10 small steps for self-improvement and a more plastic-free life
Our casual use of plastic is causing far more damage to marine life than its worth. Every day, approximately eight million pieces of plastic are discarded into the ocean, and microplastics have even been discovered embedded deep in arctic ice.
Why not set some plastic-free plans in motion by making some changes across 2020, in your own household? Leading a plastic free life is one of the best and easiest methods of self-improvement you could opt for this year. Forget your optimistic gym membership and your severe diet plan, dropping plastic is an achievable and massively rewarding new year’s resolution that we should all try. Here are some small changes that will help you achieve your plastic-free goals.
Stay clear of plastic bags and straws
Luckily, these items are becoming less commonplace in the UK today. However, it can still be difficult to avoid them at times. When you pick up a takeaway for example, don’t be afraid to say no to the excess plastic bags your food is wrapped in.
Buy a reusable coffee cup and water bottle
Takeaway coffee cups are a major source of waste material and plastic bottles take a shocking 450 years to decompose. With this in mind, it is more pressing than ever to make the switch to reusable items. KeepCups and Chilly’s Bottles are popular brands that focus on sustainable products.
Switch to buying unpackaged fruit and veg
Many supermarkets are now making switch to packaging free products. If you have the option, choose to load up brown paper bags with fruit and vegetables rather than choosing pre-package food.
Get your hands on a bamboo toothbrush
Plastic toothbrushes take 400 years to decompose, and if you consider how many you go through in a lifetime, the life span of them all is shocking. A bamboo toothbrush on the other hand, only takes five to ten years — minimal in comparison!
Find a refill station for your laundry detergent and washing up liquid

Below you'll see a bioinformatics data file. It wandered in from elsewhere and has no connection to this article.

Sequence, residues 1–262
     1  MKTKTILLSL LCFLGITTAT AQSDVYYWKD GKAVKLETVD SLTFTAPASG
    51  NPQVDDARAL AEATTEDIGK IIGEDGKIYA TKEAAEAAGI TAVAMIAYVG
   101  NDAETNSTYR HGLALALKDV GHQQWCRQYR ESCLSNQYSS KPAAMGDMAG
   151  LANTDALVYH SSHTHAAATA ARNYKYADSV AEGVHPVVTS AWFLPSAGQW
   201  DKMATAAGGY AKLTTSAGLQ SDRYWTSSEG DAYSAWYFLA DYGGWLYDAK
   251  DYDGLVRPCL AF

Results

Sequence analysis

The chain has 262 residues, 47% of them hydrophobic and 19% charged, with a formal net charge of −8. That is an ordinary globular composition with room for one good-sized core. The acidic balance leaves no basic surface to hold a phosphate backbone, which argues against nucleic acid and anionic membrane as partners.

Instead of chucking out the plastic bottle when your washing up liquid runs out, hold on to it and get it refilled! Lots of sustainable shops now offer this service, making it easier than ever to opt for refills rather than wasting more plastic.
Switch to soap and shampoo bars rather than bottles
Shampoo and hand soap always seem to come with excess plastic packaging. There is simply no need to coat these items in plastic, as they work perfectly well in bar form. This is another tiny switch that will make little difference to your daily routine but really help out the environment.
Shop at ‘zero waste’ shops
Thankfully, zero waste shops are becoming far more common in the UK. The idea of zero waste shops is that they sell produce with absolutely no plastic packaging. Switching up your shopping
routine and choosing a zero-waste shop would be a great habit to get into in 2020. You can find a list of zero waste shops and where to find them here.
Switch to beeswax wrap rather than clingfilm
Sustainable food storage is another factor that people often forget to consider. We throw away single use clingfilm without a second thought, because it seems like such a necessity within our lives. Now however, there are plenty of alternatives to use if you want to go plastic free. Beeswrap for example, is a ‘natural alternative to plastic wrap’ which can be used time and time again.
Up your sustainable Tupperware game
Along the same theme, consider switching to sustainable Tupperware. There are plenty of alternatives to wasteful plastic Tupperware, such as bamboo, glass, or stainless-steel alternatives. Oxfam do a great range!
Cut down on shopping and spending
This last one is essential, although perhaps not as easy as the other lifestyle changes. Every time you buy something, especially online, it is likely to come swaddled in needless layers of plastic. If you cut down on this spending, you could make a real environmental change.
These changes will be easy to get used to once you’ve made an active effort to change your routine. They will soon become second nature! If everyone chips in and makes an effort towards sustainability, we will see a reduced amount of plastic pollution our oceans.
Article provided by Where The Trade Buys, a leading leaflet printing provider with bases in London, Sunderland and Surrey.